Are These Common Cooking Oils Harming Your Gut Microbiome?

7 Jul 2023

Medical advice regarding cooking oils is finally coming a full circle. And ironically it is by the same kind of research establishments that originally took the world for a ride. Yes, after decades of tarnishing one of the healthiest cooking oils – coconut oil – for its saturated nature, and after extolling the endless virtues of polyunsaturated vegetable oils like soybean & corn oils, the American medical research establishment is finally admitting that they had got it wrong.

The biohacking bestseller, ‘The Making of a Superhuman’ by noted wellness evangelist and biohacker Sajeev Nair was one of the first detailed works that stuck its head out in this regard and painstakingly explained why coconut oil is one of the healthiest cooking oils, whereas these new breed of polyunsaturated vegetables oils like from soy and corn are among the unhealthiest choices.

Now, a new research study by a team of scientists at University of California, Riverside, has come as strong additional vindication for the stand that Sajeev Nair took in his biohacking classic. This research team found that soybean oil, one of the most commonly used cooking oils in the US, India, China, Brazil and other parts of the world, may be killing off various beneficial gut bacteria and causing the proliferation of harmful bacteria like adherent invasive E. coli in the gut.

This study, published recently in the noted journal ‘Gut Microbes’, further explains that the proliferation of harmful bacteria like adherent invasive E. coli is one of the main causes behind inflammatory bowel disease (IBD) and especially its ulcerative colitis variant. Additionally, high linoleic acid consumption has been found to cause leaky gut, which is another risk factor for colitis. Population studies done separately in the US had already found that the rising incidence of IBD is correlated with the soaring consumption of soybean oil.

The researchers also found that the main culprit in soybean oil is linoleic acid, which is ironically an essential fatty acid belonging to the Omega-6 family. Essential fatty acids are those fats that the body needs on a daily basis, but which it cannot synthesise on its own. But the body needs only 1-2% of calories to come from linoleic acid, whereas a diet in which soybean oil is the primary cooking oil delivers 8-10% of energy from linoleic acid, which is the factor damaging the gut microbiome composition.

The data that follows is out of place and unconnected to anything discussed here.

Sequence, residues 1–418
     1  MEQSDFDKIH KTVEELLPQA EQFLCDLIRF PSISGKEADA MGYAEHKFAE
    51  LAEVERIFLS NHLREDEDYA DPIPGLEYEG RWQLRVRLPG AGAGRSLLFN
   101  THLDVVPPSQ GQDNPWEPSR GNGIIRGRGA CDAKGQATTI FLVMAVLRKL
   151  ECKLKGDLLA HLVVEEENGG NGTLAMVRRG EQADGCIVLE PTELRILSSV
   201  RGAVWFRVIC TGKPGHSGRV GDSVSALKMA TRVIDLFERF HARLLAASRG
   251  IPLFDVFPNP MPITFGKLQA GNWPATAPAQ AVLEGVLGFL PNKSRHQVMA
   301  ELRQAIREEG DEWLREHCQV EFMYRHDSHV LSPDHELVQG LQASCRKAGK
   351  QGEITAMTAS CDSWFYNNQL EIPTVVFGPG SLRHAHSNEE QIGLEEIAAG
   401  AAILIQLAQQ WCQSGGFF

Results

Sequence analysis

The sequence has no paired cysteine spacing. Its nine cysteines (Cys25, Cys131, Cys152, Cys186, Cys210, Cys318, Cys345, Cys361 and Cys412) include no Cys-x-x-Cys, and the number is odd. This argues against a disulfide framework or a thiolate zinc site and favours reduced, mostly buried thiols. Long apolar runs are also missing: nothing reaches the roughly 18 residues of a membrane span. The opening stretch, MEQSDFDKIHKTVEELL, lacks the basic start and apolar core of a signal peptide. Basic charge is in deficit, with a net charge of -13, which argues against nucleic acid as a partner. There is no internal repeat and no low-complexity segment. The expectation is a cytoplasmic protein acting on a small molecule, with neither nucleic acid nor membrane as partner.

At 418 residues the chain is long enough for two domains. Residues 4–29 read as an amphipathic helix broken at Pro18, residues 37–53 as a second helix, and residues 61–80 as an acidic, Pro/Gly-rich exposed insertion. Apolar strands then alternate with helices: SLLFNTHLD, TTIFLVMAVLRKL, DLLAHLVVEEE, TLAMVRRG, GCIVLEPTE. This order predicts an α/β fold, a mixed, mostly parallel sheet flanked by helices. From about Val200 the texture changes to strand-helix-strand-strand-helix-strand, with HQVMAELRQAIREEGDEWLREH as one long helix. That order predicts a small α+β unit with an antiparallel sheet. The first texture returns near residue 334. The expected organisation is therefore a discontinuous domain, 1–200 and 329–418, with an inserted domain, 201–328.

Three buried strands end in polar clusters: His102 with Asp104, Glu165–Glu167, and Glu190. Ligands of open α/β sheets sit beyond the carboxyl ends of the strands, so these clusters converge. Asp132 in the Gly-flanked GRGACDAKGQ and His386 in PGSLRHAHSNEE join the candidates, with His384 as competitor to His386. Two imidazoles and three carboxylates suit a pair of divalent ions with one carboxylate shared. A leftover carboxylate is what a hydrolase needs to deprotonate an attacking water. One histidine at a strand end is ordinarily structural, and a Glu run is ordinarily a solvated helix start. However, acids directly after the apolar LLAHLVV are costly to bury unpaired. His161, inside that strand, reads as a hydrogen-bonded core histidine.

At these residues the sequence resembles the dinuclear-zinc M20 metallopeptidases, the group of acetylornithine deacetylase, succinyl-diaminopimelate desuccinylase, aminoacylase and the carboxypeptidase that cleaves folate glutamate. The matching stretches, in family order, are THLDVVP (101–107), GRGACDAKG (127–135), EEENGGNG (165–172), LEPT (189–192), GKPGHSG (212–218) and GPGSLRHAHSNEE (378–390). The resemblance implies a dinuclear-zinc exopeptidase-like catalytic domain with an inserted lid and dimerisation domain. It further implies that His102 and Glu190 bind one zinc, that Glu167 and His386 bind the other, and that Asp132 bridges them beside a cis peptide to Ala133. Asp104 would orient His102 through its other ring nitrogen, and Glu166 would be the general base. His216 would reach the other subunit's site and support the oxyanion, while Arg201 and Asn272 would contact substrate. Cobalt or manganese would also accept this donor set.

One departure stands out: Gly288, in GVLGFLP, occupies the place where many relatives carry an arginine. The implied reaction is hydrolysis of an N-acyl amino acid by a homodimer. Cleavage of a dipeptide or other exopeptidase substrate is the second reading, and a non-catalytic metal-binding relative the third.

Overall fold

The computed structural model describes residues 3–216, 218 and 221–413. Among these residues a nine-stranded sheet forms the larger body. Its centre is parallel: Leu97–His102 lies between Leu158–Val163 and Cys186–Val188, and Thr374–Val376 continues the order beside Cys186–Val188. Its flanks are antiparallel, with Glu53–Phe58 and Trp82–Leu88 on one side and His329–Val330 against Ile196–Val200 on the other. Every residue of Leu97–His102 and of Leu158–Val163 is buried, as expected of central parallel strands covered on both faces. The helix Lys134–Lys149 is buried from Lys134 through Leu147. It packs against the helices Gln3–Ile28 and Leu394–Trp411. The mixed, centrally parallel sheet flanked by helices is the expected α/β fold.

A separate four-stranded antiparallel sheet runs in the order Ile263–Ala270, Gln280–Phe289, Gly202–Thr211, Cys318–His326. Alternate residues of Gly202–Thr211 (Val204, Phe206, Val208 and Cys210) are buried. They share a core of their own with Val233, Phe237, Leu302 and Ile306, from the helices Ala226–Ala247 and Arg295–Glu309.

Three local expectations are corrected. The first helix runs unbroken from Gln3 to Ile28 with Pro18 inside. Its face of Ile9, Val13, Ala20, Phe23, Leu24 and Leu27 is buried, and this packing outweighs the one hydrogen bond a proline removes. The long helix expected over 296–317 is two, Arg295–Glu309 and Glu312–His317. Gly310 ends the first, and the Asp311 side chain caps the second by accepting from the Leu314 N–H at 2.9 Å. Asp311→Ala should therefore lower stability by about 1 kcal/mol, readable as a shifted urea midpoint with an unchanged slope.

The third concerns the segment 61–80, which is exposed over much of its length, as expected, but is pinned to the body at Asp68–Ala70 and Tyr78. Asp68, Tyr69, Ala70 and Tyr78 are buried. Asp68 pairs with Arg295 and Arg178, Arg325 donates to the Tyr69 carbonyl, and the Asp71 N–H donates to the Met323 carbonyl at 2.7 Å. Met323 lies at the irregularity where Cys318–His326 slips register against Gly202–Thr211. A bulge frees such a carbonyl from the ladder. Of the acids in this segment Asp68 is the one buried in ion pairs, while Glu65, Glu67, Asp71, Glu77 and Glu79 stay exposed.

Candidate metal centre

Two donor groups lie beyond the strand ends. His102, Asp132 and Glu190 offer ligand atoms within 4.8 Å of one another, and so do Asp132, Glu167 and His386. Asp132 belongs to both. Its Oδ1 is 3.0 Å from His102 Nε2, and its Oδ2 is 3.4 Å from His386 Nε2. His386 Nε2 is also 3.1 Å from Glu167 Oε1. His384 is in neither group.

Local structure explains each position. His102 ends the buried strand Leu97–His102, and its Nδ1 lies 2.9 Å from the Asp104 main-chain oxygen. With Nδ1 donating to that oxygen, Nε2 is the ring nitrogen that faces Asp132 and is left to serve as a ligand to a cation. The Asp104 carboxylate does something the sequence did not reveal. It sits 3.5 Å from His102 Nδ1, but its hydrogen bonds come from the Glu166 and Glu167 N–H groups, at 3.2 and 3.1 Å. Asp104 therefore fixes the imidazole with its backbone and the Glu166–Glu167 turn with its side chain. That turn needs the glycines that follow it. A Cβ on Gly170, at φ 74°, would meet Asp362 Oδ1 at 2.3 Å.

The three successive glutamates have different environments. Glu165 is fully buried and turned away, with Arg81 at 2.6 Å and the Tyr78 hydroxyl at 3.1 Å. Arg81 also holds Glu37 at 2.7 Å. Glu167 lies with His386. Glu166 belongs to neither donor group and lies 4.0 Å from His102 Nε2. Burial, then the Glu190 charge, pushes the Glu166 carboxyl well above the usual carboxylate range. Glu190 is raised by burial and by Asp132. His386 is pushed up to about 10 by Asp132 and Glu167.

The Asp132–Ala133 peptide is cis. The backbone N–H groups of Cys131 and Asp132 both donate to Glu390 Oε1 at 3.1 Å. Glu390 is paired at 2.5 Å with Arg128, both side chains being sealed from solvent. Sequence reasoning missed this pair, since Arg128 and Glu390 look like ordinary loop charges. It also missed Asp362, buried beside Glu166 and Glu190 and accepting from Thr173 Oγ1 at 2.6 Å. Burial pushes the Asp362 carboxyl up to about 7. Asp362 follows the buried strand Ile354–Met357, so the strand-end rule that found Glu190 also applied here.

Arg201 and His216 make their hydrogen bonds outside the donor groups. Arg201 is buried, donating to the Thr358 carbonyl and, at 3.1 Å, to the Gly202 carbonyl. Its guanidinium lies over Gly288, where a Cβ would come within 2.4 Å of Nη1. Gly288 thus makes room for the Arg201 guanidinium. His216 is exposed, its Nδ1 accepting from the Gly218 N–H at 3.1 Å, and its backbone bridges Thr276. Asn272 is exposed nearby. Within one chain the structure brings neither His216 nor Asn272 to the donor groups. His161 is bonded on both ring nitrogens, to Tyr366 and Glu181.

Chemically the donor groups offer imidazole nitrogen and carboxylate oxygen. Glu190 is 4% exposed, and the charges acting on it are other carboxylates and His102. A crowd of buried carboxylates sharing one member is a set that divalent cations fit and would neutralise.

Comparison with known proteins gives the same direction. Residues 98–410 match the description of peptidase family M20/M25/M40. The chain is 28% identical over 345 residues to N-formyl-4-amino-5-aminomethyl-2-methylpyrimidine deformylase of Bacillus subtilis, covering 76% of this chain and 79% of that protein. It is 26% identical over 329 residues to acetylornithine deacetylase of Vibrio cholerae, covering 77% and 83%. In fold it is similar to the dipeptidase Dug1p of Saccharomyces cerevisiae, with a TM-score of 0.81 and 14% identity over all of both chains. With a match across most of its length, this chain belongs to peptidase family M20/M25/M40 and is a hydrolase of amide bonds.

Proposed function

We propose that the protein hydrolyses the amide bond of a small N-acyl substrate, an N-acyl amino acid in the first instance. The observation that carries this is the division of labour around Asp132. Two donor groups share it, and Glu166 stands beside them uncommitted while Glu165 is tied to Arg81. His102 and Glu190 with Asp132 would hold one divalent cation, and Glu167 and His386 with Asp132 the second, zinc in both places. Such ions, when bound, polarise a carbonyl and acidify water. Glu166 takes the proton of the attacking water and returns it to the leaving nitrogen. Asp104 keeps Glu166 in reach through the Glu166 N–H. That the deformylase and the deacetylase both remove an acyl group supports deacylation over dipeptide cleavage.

Since linoleic acid is the primary culprit here, corn oil that contains an equal amount of linoleic acid as soybean oil, has also been called out by this research team as a potential threat to the gut microbiome. Other vegetable oils popular in India like sunflower oil and safflower oil are also equally high in linoleic acid. It should also be noted that all these oils are often consumed by users without actually being aware of it. Even if they are not used directly for cooking, these oils are abundantly used in most processed foods, restaurant dishes and bakery items for their cheapness, bland flavour and the superior texture they impart to these foods.

Hence, the study emphasised the need to eliminate or reduce processed foods to the minimum, as well as a switch to healthier cooking oils like olive oil , coconut oil and avocado oil. Coconut oil may be the best oil in this regard as it contains only 2% linoleic acid as against 3-21% in olive oil and 6-12% in avocado oil. The suggestion to use coconut oil is something revolutionary as it is coming from a US based research study that was funded by grants from the US National Institutes of Health, Crohn’s and Colitis Foundation, American Gastroenterological Association, and other such premier American bodies, that for long had endorsed the erroneous view that coconut oil is a most unhealthy oil.

This study also shed light on additional ways in which vegetable oils rich in linoleic acid may be harming the body. For instance, excessive linoleic acid consumption was found to reduce endocannabinoids in the gut, which are natural anti-inflammatory molecules, even while it increased the pro-inflammatory oxylipins in the gut. Interestingly, an increase in oxylipins have been implicated in obesity, apart from its role in colitis. Rising soybean oil usage has also been implicated earlier in several diseases including diabetes, autism, Alzheimer’s disease, anxiety, and depression.

Vieroots EPLIMO is a practical biohacking solution developed based on the personalised epigenetic lifestyle modification strategy detailed in Sajeev Nair’s work, ‘The Making of a Superhuman’. It uses a detailed genetic test and a comprehensive metabolic assessment to find the risk factors for 250+ lifestyle diseases that include diabetes, obesity, dementia, Alzheimer’s disease, hypertension, cancers, cardiovascular diseases etc, years or decades before they actually develop. EPLIMO also provides personalised lifestyle modifications that can keep these diseases at bay. For example, EPLIMO has been delivering personalised diets that suggest avoiding vegetable oils rich in linoleic acid and the adoption of healthy oils like coconut oil and olive oil, for three years now, much before this study came.

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